HAMBURG.- Hamburger Kunsthalle presents today Nicolai Abildgaard. The Artist Who Taught Friedrich and Runge, on view through June 14, 2009. For the first time in Germany, the exhibition presents 100 works by the Danish neoclassical and Romantic artist Nicolai Abildgaard (17431809). Abildgaard was Denmarks first important history painter; he was, however, expressly critical of absolutism. As a professor at the Art Academy in Copenhagen he exerted a great influence on many of his pupils, including Caspar David Friedrich and Philipp Otto Runge. Abildgaards paintings, which were influenced as much by the poems of Ossian as by antiquity, reflect the time of new departures and disruptions around 1800. Organised in cooperation with the Statens Museum for Kunst in Copenhagen, the exhibition reveals the thematic complexity of Abildgaards paintings and drawings, and places particular emphasis on the innovative and politically reformist aspects of his work, awareness of which has grown considerably as a result of recent research.
As a painter and architect, Nicolai Abildgaard, 1743-1809, was a leading figure in Danish neo-classicism and early Romanticism. He trained in the Copenhagen Academy of Fine Arts, and during a stay in Rome he made a close study of Classical and Renaissance idiom. Here, he also executed the main work of his youth, Wounded Philoctetes (1774-75, Statens Museum for Kunst).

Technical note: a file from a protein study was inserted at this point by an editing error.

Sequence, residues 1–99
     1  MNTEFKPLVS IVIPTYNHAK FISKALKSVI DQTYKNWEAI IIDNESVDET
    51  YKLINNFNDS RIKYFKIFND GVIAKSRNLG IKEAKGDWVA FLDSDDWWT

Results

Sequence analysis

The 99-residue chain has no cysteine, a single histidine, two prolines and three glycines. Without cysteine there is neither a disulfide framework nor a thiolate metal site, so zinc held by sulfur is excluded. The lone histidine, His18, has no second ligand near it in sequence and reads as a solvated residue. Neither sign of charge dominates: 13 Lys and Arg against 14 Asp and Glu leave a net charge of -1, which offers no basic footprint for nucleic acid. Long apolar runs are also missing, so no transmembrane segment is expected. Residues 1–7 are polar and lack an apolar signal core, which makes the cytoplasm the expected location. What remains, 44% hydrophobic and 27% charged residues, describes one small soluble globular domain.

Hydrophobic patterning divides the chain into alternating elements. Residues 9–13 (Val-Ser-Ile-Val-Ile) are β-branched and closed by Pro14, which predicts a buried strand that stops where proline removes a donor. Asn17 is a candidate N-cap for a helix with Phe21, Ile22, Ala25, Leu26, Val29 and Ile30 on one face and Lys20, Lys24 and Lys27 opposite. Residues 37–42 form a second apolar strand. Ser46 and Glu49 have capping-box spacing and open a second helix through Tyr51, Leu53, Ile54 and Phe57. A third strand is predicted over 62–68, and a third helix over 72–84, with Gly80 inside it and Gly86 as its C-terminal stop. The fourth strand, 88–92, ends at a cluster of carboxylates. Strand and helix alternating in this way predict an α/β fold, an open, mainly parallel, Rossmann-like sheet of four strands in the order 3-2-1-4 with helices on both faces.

Abildgaard took the inspiration for his motifs from the world of literature, principally portraying the unbalanced and passionate, and his many extant drawings reflect his vivid imagination.
In his idiom he was closely related to J.H. Füssli, whom he met during his stay in Rome. As a Professor (from 1778) and later Director (1788-91 and from 1801) in the Academy of Fine Arts in Copenhagen Abildgaard exerted a great influence on the young artists of his day.
He created a large number of works for the royal family, including ten large-scale paintings representing the deeds of the Oldenborg monarchs for the Great Hall in Christiansborg Palace.
Seven of them were lost in the fire of 1794, but the sketches are still in existence in Statens Museum for Kunst, which owns the largest collection of Abildgaard's works.
After c. 1800, Abildgaard mainly painted motifs from the Classical world. One of his architectural designs was the Apis Temple in Frederiksberg Have.